ROCKETS’ RED GLARE by James J. Wirtz


Missile Defenses and the Future of World Politics
Email this review


Policy papers on missile warfare and defense for the 21st century.

Wirtz (US Naval Postgraduate School) and Larsen (Science Applications International Corp.) gather work by a dozen-odd strategy and foreign-policy scholars on what appears to be a fait accompli: the unilateral scrapping of the ABM and other nuclear-weapons treaties of the 1970s and ’80s on the part of the US government, and the development of ballistic-missile defenses against the eventuality of nuclear attack. The restrictions created by the US-Soviet ABM Treaty of 1972, several authors argue, make it difficult, if not impossible, for the US to defend itself adequately, forcing a reliance on the threat of retaliation and on foreign-based missile systems; the development of a national missile defense, they continue, while sure to provoke the ire of allies and potential foes alike, will better safeguard American soil and interests against a host of rogue states, terrorist cells, and rising competitors—chief among them, it seems, China, which, writes special presidential assistant Robert Joseph, “is free-riding on a Russian-American arms control agreement that is no longer in the best interests of Washington and Moscow.” The deployment of missile-defense systems can be effected by the end of the present decade, many of the contributors suggest, making it a matter of some urgency to arrive at a new kind of treaty to accommodate such weapons. In the absence of such an agreement, and under certain scenarios of development, the authors believe, a new arms race is likely to emerge—with China, again, likely to be a key player, probably of more significance than Russia or any other power.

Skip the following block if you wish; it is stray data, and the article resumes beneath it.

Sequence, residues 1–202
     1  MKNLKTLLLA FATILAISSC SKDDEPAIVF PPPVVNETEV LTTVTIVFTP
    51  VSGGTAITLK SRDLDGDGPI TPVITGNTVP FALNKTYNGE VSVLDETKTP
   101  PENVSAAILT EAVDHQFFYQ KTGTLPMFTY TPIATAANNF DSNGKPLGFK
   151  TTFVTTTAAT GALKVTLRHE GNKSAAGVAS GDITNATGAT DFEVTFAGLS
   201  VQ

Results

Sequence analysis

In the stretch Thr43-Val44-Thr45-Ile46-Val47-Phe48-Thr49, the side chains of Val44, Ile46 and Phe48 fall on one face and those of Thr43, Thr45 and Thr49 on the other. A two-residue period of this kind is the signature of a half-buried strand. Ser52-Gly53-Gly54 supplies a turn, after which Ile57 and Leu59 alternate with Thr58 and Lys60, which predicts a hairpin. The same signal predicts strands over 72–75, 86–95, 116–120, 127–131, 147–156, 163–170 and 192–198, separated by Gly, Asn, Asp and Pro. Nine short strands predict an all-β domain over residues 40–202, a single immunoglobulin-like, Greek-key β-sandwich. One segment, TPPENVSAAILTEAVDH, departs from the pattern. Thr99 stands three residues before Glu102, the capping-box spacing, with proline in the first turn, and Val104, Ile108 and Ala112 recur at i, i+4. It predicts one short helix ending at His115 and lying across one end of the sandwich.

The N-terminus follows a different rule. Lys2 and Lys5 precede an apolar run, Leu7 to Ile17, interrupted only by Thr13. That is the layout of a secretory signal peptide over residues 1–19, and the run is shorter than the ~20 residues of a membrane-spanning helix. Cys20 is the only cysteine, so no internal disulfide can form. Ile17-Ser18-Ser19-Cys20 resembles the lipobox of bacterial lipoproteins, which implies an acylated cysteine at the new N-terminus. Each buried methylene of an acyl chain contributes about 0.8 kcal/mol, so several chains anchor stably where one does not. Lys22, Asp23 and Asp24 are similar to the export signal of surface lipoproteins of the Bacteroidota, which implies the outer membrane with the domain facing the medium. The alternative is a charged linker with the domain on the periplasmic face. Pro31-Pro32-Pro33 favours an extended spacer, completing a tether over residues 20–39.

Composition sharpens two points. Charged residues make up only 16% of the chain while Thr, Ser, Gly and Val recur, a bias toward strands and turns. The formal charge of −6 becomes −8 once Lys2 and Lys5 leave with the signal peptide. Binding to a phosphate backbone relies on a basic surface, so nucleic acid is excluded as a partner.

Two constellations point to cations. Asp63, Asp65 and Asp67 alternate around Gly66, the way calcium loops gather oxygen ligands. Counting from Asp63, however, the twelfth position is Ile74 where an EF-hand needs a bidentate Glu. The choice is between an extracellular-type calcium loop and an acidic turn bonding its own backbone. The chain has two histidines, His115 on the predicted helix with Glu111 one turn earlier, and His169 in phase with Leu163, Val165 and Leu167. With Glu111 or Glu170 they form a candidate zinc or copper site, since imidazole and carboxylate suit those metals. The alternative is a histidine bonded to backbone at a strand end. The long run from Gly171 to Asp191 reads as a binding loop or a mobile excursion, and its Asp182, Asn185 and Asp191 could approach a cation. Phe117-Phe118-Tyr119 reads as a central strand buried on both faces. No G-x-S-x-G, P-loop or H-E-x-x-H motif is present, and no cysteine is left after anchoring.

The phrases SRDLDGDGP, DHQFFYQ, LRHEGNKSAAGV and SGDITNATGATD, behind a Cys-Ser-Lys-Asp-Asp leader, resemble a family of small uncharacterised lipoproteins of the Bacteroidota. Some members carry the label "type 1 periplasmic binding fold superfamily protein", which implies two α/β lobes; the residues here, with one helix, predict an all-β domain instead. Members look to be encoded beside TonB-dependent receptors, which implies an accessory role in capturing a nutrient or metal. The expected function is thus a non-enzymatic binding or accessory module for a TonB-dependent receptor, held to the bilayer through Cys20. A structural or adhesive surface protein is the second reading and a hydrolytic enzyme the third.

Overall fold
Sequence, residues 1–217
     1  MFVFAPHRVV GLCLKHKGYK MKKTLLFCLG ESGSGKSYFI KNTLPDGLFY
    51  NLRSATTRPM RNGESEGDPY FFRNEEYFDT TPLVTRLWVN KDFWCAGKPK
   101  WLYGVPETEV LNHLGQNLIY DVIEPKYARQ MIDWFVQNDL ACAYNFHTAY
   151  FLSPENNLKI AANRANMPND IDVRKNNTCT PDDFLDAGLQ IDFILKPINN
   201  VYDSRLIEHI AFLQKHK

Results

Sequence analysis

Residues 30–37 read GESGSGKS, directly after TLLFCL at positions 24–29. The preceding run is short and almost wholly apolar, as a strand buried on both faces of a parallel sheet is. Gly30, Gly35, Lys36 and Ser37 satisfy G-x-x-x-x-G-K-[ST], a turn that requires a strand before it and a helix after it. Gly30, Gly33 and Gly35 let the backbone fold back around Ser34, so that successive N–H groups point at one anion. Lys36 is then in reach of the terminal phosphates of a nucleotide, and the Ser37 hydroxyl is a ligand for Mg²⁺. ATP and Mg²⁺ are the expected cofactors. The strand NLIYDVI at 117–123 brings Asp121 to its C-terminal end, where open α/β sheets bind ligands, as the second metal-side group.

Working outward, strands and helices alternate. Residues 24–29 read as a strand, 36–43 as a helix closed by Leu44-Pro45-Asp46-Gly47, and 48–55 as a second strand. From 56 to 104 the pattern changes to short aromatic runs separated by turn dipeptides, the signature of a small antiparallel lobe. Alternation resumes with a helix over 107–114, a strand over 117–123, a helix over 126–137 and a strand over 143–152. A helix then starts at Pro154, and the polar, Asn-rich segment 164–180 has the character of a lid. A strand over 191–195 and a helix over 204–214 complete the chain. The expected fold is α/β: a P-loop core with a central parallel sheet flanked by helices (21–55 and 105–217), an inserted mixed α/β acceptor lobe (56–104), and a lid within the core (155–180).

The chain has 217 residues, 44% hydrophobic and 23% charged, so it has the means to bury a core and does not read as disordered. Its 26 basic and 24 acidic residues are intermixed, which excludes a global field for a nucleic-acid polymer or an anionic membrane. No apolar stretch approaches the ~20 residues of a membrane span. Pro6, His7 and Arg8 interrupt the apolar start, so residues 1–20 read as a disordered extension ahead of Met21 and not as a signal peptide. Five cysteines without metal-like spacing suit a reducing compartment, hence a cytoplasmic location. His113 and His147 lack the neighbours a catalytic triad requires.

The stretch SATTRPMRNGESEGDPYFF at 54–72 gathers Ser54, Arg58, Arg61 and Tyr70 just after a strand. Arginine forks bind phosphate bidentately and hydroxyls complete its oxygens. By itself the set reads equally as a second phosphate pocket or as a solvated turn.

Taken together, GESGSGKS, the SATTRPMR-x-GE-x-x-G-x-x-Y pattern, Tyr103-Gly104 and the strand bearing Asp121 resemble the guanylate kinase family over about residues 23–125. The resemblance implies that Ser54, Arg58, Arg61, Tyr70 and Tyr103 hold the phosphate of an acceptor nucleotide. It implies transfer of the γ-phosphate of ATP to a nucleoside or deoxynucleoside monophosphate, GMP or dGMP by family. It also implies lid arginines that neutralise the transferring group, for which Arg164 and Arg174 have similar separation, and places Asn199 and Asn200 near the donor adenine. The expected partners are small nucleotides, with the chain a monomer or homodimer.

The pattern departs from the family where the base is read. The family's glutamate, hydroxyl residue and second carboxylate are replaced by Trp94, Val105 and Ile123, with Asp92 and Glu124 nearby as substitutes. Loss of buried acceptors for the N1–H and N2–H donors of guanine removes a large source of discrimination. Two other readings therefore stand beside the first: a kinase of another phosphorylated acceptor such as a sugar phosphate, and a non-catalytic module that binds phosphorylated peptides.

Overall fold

Altogether, a show of support for the current administration’s revival of the Reagan-era Star Wars initiative: useful reading for students of policy and tactics.

Pub Date: Nov. 5th, 2001
ISBN: 0-8133-6465-7
Page count: 320pp
Review Posted Online:
Kirkus Reviews Issue: Sept. 15th, 2001